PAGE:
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Welcome \ Travel \ Recreation





Sepak Takraw

One of Thailand's most unusual sports, Sepak Takraw, is an exciting combination of the skills of soccer, the teamwork of volleyball, and the pace of badminton. This sport and its variations are popular throughout Southeast Asia, and Thailand is one of the perennial powers in the sport, which is showcased at both the Asian Games, and the South-East Asian (SEA) Games. In Thailand Sepak Takraw is extremely popular with people of all ages, and it is not unusual to see people playing it at schools, temples, on the side of the road, in vacant lots, or just about anywhere.

Variations of Sepak Takraw

Net Takraw
Net Takraw is played in teams of three, on a small court, similar to that used in badminton, using a small, hollow, rattan ball. Players attempt to keep the ball aloft by using a variety of body parts, such as the feet, legs, knees, thighs, shoulders, and head. Serving is a team effort, as one player throws the ball to the server, who launches it spinning over the net. Much like volleyball, each team has three touches to send the ball across the net, and players often use these to set up teammates for spikes. It is much more difficult than it seems, however, and more advanced players have developed techniques that are truly amazing to watch. Net Takraw's acrobatic flip kicks and shoulder kicks require the most flexible and agile of athletes, not to mention kicks such as the cross-legged jump kick, in which the player jumps into the air and crosses one leg over the other before spiking the ball across the net. The pace of the game is lightning-quick, and the points are seldom longer than a few seconds long. The scoring system is similar to that used in volleyball in that there are side outs, and points can only be scored on one's serve.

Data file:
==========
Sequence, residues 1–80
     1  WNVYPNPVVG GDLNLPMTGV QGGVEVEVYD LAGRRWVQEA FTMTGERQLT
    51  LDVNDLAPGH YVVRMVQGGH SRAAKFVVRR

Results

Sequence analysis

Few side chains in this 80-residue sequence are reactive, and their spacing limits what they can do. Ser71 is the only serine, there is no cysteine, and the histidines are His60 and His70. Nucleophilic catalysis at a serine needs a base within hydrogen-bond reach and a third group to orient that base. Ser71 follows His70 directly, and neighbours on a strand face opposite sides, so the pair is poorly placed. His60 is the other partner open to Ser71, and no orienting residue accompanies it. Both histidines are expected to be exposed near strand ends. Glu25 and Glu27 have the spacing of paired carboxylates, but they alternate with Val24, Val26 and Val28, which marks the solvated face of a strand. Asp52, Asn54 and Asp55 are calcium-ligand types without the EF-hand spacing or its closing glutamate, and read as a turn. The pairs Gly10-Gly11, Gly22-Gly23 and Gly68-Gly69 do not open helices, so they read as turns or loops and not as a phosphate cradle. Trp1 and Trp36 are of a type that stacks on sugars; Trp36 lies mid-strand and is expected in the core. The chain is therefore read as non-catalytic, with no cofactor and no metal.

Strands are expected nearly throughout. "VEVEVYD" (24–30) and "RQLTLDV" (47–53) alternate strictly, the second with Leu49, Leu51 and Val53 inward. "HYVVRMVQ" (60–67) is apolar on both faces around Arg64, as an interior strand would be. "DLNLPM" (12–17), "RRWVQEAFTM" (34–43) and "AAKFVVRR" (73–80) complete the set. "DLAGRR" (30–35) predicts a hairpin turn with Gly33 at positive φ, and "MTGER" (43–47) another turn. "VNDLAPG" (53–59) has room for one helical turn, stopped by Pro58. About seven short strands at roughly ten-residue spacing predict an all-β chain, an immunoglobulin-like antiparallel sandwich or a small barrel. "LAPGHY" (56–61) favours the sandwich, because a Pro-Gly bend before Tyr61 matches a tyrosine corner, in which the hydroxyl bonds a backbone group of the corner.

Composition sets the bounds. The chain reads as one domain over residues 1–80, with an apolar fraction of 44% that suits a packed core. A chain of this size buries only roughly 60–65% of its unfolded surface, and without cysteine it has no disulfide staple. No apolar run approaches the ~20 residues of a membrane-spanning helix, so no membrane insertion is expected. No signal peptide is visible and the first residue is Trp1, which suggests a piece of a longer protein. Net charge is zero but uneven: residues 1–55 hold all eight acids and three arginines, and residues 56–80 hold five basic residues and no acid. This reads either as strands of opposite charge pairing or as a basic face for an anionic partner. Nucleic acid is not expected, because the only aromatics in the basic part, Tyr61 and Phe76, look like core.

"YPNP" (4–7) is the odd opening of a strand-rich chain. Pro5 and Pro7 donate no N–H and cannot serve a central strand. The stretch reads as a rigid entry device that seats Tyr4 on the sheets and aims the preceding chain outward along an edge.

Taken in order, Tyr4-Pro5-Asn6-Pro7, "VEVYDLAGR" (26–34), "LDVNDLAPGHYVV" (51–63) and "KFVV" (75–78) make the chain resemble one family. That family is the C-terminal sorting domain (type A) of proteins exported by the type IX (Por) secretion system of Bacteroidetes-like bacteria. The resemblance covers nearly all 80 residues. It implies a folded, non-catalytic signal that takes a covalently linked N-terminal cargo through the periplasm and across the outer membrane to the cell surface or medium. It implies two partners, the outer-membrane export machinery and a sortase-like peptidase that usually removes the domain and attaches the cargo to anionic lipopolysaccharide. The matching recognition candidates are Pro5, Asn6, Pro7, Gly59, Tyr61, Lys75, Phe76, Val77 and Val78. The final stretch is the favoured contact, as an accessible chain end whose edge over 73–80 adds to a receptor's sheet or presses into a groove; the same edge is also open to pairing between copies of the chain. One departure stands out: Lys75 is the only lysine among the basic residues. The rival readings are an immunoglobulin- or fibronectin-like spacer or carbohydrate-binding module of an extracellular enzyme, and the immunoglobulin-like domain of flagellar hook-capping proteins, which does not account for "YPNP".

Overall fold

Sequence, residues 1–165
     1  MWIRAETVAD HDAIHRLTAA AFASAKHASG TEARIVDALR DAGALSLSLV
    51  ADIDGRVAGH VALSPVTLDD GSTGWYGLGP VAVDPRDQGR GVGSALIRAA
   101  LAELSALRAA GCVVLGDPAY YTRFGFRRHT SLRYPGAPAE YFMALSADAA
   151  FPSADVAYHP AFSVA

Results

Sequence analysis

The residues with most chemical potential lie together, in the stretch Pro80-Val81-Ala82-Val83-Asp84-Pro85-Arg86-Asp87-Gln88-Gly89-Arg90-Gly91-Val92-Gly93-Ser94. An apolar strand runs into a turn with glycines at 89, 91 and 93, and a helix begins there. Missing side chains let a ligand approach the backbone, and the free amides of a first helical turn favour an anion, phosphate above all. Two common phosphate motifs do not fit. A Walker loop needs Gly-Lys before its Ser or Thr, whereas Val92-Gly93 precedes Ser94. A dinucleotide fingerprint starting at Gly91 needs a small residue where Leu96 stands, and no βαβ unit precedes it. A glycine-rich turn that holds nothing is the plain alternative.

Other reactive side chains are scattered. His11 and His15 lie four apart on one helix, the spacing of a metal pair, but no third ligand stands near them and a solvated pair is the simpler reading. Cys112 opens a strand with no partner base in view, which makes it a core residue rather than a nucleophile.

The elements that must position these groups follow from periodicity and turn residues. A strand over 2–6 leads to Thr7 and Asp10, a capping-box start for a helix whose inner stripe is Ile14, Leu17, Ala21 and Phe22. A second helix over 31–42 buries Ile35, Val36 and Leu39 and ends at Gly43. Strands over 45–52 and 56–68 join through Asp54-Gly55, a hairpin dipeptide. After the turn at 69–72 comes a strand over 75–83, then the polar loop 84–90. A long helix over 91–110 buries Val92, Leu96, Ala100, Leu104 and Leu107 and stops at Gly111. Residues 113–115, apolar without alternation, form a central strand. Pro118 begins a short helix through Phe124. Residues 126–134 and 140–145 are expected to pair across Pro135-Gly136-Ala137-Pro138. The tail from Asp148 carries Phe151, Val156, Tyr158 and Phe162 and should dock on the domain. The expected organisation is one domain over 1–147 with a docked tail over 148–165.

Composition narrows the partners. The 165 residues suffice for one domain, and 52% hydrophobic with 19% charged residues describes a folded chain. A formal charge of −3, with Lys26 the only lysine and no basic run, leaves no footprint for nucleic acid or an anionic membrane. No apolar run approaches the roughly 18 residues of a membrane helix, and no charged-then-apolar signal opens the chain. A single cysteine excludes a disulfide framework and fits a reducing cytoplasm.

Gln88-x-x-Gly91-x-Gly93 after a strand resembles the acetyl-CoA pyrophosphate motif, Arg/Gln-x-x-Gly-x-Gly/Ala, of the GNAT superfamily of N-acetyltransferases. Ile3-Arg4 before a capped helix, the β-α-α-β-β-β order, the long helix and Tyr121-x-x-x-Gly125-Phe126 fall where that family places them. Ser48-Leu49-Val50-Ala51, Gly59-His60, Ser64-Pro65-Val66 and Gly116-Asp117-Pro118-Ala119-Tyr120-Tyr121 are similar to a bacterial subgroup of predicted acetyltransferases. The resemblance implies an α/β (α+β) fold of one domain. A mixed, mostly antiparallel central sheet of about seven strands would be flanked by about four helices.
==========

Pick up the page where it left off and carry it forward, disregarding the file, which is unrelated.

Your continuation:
Hoop Takraw
With the exception of Net Takraw, Hoop Takraw is the most common form of Takraw found in Thailand. Hoop Takraw is played in teams of seven players, who stand in a circle beneath a suspended hoop. The objective is for the players to collectively pass the ball back and forth while trying to put it through the hoop. Each team is allotted a time of 30 minutes to get as many points as possible, and successive teams try to best the score. Hoop Takraw, much like Net Takraw, requires a tremendous amount of skill, and some players are able to do trick kicks that must be seen to be believed. Perhaps the most difficult of these is a kick in which a player makes a hoop of his arms behind his back, lets the ball pass through, and then heels the ball back into the air and through the suspended hoop. Although Hoop Takraw is slower paced than Net Takraw, it is by no means easy.

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